photo sharing and upload picture albums photo forums search pictures popular photos photography help login
Compass Marine How To | all galleries >> Welcome To >> Re-Packing A Traditional Stuffing Box > Why It Should Drip Some
previous | next

Why It Should Drip Some

Real Tobin bronze shafting has been long gone for many years now and as such alloys in the stainless family such as Aqumet & Nitronic are now being used. These alloys, like type 304 and 316 SS can suffer from crevice corrosion. Crevice corrosion is worst when a stainless is in contact with seawater and also oxygen starved. This corrosion can happen between wet or leaking decks to chain plates or in keel stubs to the stainless keel bolts but many are unaware that it can happen to prop shafts too. Allowing the packing box to drip helps keep the water in the shaft log from becoming oxygen depleted.

Over the last 10-15 years there has been a dramatic rise in crevice corrosion of prop shafting. With the newer packing materials, and misleading advertising that use phrases like drip-less that cause DIY's to think it means "dripless" not drips less, owners have been starving the packing box area of oxygen by not allowing any fresh oxygenated water to pass through it. This can lead to the destruction of your prop shafting from crevice corrosion. While some packings such as Gore GFO, Ultra-X or GTU may be able to be adjusted to be mostly dry and still some what cool to the touch it is still a bad idea from a crevice corrosion stand point.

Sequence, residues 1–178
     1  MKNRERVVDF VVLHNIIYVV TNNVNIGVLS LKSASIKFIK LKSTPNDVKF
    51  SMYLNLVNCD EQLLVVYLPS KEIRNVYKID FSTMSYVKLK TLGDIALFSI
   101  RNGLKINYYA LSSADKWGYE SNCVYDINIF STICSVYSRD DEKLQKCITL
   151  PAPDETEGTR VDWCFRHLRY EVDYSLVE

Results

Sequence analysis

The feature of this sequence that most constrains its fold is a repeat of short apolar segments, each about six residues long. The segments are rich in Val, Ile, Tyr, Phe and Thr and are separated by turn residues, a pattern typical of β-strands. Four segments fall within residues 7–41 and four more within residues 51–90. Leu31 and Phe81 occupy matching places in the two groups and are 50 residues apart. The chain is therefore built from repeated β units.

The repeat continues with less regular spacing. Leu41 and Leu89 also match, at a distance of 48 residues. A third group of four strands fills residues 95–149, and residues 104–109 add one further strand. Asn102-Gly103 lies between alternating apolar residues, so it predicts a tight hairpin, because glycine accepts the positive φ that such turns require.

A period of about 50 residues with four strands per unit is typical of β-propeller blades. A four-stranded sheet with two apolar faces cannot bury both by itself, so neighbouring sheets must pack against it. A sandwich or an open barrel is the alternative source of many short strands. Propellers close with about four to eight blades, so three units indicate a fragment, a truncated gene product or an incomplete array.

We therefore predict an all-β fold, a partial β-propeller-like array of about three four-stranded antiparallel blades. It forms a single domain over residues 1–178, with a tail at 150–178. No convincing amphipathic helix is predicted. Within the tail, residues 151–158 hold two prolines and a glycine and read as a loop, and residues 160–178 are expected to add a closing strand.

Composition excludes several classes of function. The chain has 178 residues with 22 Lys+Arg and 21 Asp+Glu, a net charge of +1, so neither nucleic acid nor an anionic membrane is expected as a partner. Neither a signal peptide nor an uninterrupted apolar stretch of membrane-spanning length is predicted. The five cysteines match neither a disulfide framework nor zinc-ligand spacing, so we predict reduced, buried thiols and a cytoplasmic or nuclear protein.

Another pit fall when a stuffing box is run totally sealed and "drip free" they can begin to trap air up in the shaft log. All it takes is a quick blast of reverse, and the resulting cavitation bubbles forced up and in, or after sailing in rough weather. Once enough air becomes trapped up in the shaft log the packing box you thought was cool to the touch begins cooking while you least expect it. Even PSS has now moved to selling all their dripless packing boxes with an air vent.

If a stuffing box is allowed to drip it allows for excellent cooling, longer shaft life, less opportunity for crevice corrosion and less opportunity for trapped air to run the box totally dry and cook it.

other sizes: small medium original auto
Mike 05-Jan-2015 17:04
Great tutorial, I'm just getting ready to replace my seals in both shafts. In reading the section on "shaft cooling", I'm wondering if the water is really a lubricant rather than a coolant. I can't visualize a few drops of water acting as a "coolant"?
Thank you for all you tutorials. I also installed a new Belmar battery monitor because of your research.